German FinMin to Greece: Default If You Must

♠ Posted by Emmanuel in ,, at 9/11/2011 03:20:00 PM
Here's another fine illustration of parliamentary coalitions being rocky marriages of convenience--especially during difficult times. Angela Merkel's Christian Democratic Union (CDU) is, occasional rhetoric to the contrary, ultimately loyal to the idea of European Monetary Union which earlier generations of its politicians helped bring to life. For the likes of, say, Helmut Kohl, the common currency was arguably not the goal but an instrument for promoting "ever closer union" among European states. On the other hand, the more market-oriented Free Democrat Party is (surprise!) keener--in rhetoric at least--on letting market forces do their thing with Greece. To the likes of the FDP, saving the tangible and psychic benefits Germany has obtained via the euro's introduction--superior access to Western European markets together with no small amount of pride in its existence--are more important than appeasing "wayward" neighbours. Hence, decreasingly close union is not unthinkable.

Almost on cue, German Minister of Economics and Technology Philipp Roesler has just opined that Greek default should be on the table in Die Welt. Alike his similarly youthful predecessor twice removed Karl-Theodor zu Guttenberg who famously resigned from the cabinet after allegations surfaced that his PhD thesis was plagiarized, Roesler has an interesting background. You see, he is a native of (South) Vietnam adopted by German parents after the fall of Saigon. Alike Pope Benedict XVI, he too is a German Roman Catholic. Naturally, I am interested in what an erstwhile Southeast Asian Catholic has to say...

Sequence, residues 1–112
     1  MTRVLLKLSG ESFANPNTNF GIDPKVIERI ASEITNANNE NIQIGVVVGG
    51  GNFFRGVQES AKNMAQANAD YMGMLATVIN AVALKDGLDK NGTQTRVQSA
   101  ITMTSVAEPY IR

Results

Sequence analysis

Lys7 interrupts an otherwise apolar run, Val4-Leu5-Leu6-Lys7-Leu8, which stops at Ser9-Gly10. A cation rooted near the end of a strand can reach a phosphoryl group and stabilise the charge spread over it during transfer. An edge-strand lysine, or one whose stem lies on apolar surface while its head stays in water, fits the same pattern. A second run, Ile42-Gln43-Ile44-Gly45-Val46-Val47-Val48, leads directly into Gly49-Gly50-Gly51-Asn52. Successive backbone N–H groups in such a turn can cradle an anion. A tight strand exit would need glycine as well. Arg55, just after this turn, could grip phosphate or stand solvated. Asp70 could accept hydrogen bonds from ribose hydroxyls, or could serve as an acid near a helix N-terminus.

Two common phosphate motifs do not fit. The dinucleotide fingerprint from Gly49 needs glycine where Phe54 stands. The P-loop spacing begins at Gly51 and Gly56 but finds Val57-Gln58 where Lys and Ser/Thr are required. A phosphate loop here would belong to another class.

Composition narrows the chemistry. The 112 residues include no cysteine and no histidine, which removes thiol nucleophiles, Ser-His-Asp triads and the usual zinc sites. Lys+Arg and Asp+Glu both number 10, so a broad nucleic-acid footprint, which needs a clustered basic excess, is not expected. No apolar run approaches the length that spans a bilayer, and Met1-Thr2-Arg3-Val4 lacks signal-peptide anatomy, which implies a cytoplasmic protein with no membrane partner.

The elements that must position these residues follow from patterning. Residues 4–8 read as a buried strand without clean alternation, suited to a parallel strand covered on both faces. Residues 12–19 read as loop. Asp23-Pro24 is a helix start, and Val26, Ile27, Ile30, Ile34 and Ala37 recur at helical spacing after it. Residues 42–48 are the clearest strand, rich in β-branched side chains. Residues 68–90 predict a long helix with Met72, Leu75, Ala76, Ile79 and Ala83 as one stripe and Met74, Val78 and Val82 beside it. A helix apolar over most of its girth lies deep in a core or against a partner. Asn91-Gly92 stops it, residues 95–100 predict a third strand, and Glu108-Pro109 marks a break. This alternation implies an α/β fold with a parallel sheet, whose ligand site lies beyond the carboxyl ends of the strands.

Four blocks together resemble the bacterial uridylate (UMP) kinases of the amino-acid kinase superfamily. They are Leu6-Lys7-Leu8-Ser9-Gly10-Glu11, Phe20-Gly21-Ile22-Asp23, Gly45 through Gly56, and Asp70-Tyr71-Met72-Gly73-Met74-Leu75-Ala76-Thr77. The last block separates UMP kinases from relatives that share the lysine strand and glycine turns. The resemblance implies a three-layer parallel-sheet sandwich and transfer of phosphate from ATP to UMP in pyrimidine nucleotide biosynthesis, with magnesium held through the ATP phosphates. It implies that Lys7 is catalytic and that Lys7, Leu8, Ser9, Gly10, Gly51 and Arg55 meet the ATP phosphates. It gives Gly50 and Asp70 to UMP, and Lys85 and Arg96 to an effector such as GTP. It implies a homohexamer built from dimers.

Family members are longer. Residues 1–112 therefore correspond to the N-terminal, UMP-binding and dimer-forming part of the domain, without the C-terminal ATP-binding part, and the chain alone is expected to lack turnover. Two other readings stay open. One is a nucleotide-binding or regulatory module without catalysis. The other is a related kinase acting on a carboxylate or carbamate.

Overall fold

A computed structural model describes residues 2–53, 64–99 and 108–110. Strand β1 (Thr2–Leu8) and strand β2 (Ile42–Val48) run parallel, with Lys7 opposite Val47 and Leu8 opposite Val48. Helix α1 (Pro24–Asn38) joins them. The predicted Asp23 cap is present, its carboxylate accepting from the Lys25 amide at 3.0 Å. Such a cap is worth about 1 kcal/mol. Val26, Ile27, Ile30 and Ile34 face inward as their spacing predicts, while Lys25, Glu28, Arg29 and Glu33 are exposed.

An orderly bankruptcy of Greece is no longer a taboo, German Economy Minister and leader of Chancellor Angela Merkel's junior coalition partner, the Free Democrats (FDP), said on Sunday in an article for a newspaper.

"To stabilise the euro, there can no longer be any taboos. That includes, if necessary, an orderly bankruptcy of Greece if the necessary instruments are available," Philipp Roesler wrote in an article for Die Welt daily. He also demanded automatic sanctions to be imposed on heavily indebted countries which failed to comply with their obligations.

"If there are breaches of the rules, there must be tough requirements ... and if there are continued breaches, a withdrawal of voting rights for a time in the EU Council of Ministers should not be a taboo."
The Stability and Growth Pact+ allusions are commonplace by now, but it's going to be interesting to watch how Merkel and other CDU bigwigs react if its coalition partners' more gung-ho attitude gains momentum even within the coalition itself. Opinion polls in Germany certainly show considerable bailout fatigue. Unlike the CDU, let's just say the younger FDP folks have less to lose from burning bridges to the rest of Europe, less burdened as it is by a pre-Maastricht vision of building bridges in this manner. The weight of history is certainly a sizeable burden to have on your shoulders.